Preaching to the Choir is
My pastor says it is easy to preach to the choir, but very hard to
preach to the non believers.
I feel the same way about insurance. Those that don't already have insurance, you have to prove to them that they
need insurance and how having insurance can fix their problems.
But, if you find someone one that already has insurance, you don't have to convince them that they need to have
insurance. All you have to do is to show them a better plan than what they have, or a cheaper plan or to show them
something better than what they have. It's like preaching to the choir.
Example number 1.
I'm looking for clients that have a normal U.L. Policy. I'm going to show them a U.L. that has an age 100
guarantee. What they have now, can lapse or they might have to increase their premiums one day to keep the policy
in force. Most of the U.L. policies on the market are based on current interest rates. Most have a minimum interest
rate of 3%.
I know of a lot of clients that bought a policy over 15 years ago with a big company that I won't name. When they
bought their U.L. polices, the interest rate was 12.5%. Today they are paying less then 5%. So most of the clients
polices didn't have enough cash value to keep the policy in force. The proposal that they were shown when they
bought it show projected cash values and should have taken the policy to age 100, if the interest rate had remain
the same. Some of the agents even told the clients not to worry about this, and worse that would happen is they
have to start paying a couple more dollars a month, to keep the policy in force. Most of the U.L. policy that have
been sold out there today, do not have an age 100 guarantee, and the clients do not know why this can become a
problem in the future. My wife's aunt Vicky had this problem. She thought she was buying a permanent policy that
would never have any problems as long as she paid her premiums. She was wrong, and her policy lapsed. She was
really mad at the agent that sold her this junk and didn't explain to her the risk, of this happening. She didn't
read the small print on the proposal that the agent had her sign. The company did write her a letter advising her
to double her premium to see if that would help increase her cash value enough to fund her policy further.
To keep this simple, all I have to do is find a consumer that does not have an age 100 guarantee on their U.L.
policy. There is a good chance the agent didn't explain to them, about the project interest rates and what could
happen to their policy. To better explain this to the client, have the client call the company they bought their
policy from and ask the customer service dept to project their policy if the interest rates go down just 1%. WOW,
this will blow their minds when they find out the answer. Matter of fact, I'm sorry to tell you that most U.L.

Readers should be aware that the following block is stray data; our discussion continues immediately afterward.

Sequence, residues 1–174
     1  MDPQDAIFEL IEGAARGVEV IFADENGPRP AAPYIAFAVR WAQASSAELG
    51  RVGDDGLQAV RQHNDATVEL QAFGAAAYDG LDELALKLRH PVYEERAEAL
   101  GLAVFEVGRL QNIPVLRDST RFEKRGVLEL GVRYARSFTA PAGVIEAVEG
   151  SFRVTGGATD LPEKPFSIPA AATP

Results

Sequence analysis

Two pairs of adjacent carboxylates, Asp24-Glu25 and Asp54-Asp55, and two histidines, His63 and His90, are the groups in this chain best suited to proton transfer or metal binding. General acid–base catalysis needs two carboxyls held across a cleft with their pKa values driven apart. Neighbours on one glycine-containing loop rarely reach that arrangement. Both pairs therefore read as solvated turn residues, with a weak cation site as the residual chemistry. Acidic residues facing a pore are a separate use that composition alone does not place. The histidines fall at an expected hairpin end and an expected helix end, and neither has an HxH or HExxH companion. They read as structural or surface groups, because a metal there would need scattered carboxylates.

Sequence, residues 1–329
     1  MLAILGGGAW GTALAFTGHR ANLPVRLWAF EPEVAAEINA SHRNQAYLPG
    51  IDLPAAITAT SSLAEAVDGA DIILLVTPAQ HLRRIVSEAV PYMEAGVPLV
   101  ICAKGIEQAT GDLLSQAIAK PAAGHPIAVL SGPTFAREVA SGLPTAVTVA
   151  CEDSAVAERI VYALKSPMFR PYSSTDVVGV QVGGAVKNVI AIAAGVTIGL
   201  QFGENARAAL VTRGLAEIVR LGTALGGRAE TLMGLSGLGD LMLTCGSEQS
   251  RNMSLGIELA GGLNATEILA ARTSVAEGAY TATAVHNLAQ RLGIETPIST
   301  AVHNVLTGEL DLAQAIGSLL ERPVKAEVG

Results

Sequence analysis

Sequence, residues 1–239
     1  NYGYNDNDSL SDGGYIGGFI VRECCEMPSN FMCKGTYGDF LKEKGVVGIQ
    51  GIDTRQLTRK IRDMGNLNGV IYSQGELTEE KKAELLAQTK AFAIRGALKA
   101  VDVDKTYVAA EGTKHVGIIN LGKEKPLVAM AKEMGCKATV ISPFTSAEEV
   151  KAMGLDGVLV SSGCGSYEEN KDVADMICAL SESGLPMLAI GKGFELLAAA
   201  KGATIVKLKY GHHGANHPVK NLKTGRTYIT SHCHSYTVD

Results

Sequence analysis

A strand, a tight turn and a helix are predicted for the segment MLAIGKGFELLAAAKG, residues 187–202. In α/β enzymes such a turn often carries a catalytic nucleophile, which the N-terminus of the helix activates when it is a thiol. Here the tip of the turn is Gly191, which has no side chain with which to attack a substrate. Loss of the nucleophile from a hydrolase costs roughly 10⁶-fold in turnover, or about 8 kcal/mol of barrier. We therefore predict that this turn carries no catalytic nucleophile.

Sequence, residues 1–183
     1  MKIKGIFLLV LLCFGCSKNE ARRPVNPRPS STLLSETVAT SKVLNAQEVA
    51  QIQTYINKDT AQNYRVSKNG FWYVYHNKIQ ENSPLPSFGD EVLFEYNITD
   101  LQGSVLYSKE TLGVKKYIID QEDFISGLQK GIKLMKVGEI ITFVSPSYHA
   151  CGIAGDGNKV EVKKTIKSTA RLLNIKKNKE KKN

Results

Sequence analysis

policy are in danger of not having enough cash value to keep the policy in force full term and long at all. I want
to show them a policy that no matter what happens, the death benefit and premium can never change. Now these types
of policies general cost more then the U.L. policies that do not have an age 100 guarantee. It is worth the extra
money. Why risk it? Ask the client to show you their policy and go straight toward the proposal. Get you a yellow
highlighter, and highlight the places that the other agent never wanted them to read.
So in example number 1, we are looking for U.L. clients that don't have an age 100 guarantee and then showing them,
how this could be a problem one day. Then show them the plan that they would never have to worry about this problem
again if they bought. They need to be fully protected and not chance it on interest rates.
I have another 100 example on how to preach to the choir and how to show the client a better product and walk away
with a sale.
I want to always do what is best for my clients. I believe this to be the best for my clients and after I show them
the small print and have them call the insurance company they bought it from, and not take my word for it, then it
is like selling cake to a fat kid.
I can think of a million more ways to preach to the choir I call it. I will try and post some more example
Example number 2.
A policy with no riders.
The next choir to preach to is those that have bought a policy, but the agent didn't offer them any riders to
attach to their policy. I find that many agents never offer the clients any of the riders. There are many reasons
why they don't offer them. But this is their mistake and leaves room for you to come in behind them, and show a
better product to the client. It is harder for another agent to come in behind you and replace a policy that has
rider attached to it. It reminds me of buying a car, and the salesman showing you all the options that you can buy
with your new car. They are not afraid to show you all these options. It will not make the client; change their
minds about buying the car. Even if it will make the monthly payments go up. I hate the fact that I bought one of
my new cars, and the salesman didn't show me all the options that I could have bought. Not until I saw someone else
same car, did I realize that I could have bought the options that they bought. This idea works on all types of Life
Insurance. Learn all of the riders that you companies have to offer.
I have talked many of clients into a new policy by simply showing them a rider that they need to have attached to
their policy. But the 1st agent didn't show it to them. That is their mistake and your gain. I don't have to talk
the client into buying the insurance. I just have to talk them into the riders. I could spend all day talking about
some of the riders that I show them. But if you just show them all the riders and let them pick from them, then you
may help the client and make a sale.